PUT THE PHONE DOWN
In recent months when I eat out at restaurants I’ve noticed a troubling trend. Every occupant at the table is totally disengaged and all of them have their phones, in hand, completely immersed in whatever is going on in that virtual space. PLEASE people, put the phones down.
While all of us should surrender the phone during meals I am especially bothered when I see parents and children all completely disengaged from one another. Technology has brought tremendous benefits and with that comes some terribly unfortunate byproducts. One is the virtual space that occupies entirely too much time in our short lives. While dining out yesterday I observed a family eating with their grandmother. I watched this poor lady eating her meal while every other occupant of the table completely ignored her. I learned later that it was her birthday when the restaurant staff approached the table with a dessert and a candle. She was so elated! People were showing her some attention. After this brief moment of interaction all of the occupants, with the exception of the grandmother, returned to their phones. While I am pleased that this group took the time to take their grandmother out to dinner, I was saddened by how they seemed to believe that this was all they were required to do. It would have been so nice to see them talking and communicating with each other and not occupying the entire meal on their telephones. I am sure the grandmother would have loved to hear about what her children and grandchildren had going on in their lives and not wasted over an hour of her time watching them play on their phones.
What is even more troubling about this topic is the number of complaints I get from clients about the other parent behaving in the same manner as this family I observed at dinner. In relationships that have been dissolved by divorce or separation the children have to divide their time between their parents. In some cases this time is substantially limited by restrictive time-sharing arrangements. For example, parents that only have every other weekend time-sharing may only have 48 hours, every two weeks, with their children. With this limited amount of time every few minutes spent on the telephone, disengaged from the children is terribly costly. While I am not slamming social media and the virtual environment we all enjoy, remember that interpersonal communication and interaction remains a pivotal aspect of the growth and development of both children and adults. How often have you started playing on your phone or tablet and lost track of time? Hours can pass sometimes without you even noticing it. How much did you miss during this period? What stories did your children attempt to tell you that you completely ignored? What if your children don’t even attempt to communicate with you because this pattern of being disengaged is so profound that they have already determined talking to you is a lost cause? I promise you that the Facebook and Instagram posts will be there for a while; therefore, you can view them and comment on them later. Cherish every moment you have with your children, especially if you have limited time-sharing. Don’t waste a single minute because you may never get it back. Additionally, if your children complain and mention the lack of engagement from the other parent you have a duty to address this issue with that parent. Do not use this a favorable point in your popularity rating. Have a substantive conversation with the other parent so that your children get the attention they deserve.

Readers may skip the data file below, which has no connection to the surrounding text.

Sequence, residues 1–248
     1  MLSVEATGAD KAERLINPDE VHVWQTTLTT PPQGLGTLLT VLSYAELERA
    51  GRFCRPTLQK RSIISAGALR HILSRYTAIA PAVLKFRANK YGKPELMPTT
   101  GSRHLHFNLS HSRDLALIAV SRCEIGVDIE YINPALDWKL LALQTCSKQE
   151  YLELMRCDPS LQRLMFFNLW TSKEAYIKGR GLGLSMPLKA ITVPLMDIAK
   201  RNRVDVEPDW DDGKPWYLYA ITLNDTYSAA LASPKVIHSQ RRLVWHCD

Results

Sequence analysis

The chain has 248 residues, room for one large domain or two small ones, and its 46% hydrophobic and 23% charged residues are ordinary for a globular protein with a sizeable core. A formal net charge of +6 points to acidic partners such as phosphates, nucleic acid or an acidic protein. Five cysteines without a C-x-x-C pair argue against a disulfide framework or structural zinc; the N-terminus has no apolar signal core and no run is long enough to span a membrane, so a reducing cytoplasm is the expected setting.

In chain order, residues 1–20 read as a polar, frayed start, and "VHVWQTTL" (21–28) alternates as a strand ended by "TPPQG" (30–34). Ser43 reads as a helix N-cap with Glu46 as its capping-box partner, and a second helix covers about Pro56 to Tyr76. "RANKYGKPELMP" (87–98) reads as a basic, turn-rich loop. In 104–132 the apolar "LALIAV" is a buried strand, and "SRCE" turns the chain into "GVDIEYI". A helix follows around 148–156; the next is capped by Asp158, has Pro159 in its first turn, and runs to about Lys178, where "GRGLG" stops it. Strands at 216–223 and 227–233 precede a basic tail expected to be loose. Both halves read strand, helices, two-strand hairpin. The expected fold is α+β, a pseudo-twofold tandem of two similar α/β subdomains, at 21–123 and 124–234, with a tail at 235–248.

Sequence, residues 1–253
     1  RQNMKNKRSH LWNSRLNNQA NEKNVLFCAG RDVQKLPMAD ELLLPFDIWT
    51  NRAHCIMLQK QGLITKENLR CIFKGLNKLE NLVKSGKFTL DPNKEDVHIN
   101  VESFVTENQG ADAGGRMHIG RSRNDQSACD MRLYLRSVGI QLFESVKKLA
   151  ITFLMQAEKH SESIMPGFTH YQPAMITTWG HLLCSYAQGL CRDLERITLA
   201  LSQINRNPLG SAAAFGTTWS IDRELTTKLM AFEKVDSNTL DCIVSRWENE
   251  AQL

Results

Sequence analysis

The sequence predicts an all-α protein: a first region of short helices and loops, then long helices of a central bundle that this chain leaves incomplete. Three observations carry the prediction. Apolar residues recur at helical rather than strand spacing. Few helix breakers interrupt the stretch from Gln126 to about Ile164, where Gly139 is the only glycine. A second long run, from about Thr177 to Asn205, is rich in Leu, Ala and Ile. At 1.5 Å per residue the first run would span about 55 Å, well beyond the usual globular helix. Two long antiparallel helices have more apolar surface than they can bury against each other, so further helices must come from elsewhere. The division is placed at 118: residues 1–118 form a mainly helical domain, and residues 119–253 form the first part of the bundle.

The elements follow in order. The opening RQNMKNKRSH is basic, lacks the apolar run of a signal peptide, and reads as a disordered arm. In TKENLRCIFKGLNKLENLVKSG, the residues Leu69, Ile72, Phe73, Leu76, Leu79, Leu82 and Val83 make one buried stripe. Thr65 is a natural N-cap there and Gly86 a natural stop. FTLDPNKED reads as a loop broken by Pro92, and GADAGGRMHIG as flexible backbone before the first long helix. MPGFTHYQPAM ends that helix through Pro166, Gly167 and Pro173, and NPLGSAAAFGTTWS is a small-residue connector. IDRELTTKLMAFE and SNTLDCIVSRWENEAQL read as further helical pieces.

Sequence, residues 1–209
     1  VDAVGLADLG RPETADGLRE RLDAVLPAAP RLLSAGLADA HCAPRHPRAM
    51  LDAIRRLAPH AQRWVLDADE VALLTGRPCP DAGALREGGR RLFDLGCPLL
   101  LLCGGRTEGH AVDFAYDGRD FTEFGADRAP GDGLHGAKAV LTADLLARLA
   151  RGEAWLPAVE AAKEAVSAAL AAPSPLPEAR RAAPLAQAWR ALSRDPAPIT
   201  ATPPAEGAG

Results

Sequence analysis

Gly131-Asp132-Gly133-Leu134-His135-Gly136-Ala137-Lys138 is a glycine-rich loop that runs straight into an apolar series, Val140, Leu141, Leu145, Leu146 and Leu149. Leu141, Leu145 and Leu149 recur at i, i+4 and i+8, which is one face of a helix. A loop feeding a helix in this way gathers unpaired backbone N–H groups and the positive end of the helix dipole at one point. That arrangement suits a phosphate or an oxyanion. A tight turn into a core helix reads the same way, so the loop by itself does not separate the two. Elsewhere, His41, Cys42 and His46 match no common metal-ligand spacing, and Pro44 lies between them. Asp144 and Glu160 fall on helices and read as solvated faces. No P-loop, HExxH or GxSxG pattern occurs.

If you want guidance in dealing with co-parenting issues, shared parenting and time-sharing plans please contact us and let us begin working to help you today. For more information on time-sharing issues please contact the law firm of Schwam-Wilcox & Associates by calling 407-245-7700, by e-mailing firstname.lastname@example.org or by visiting the website at www.cbswlaw.com.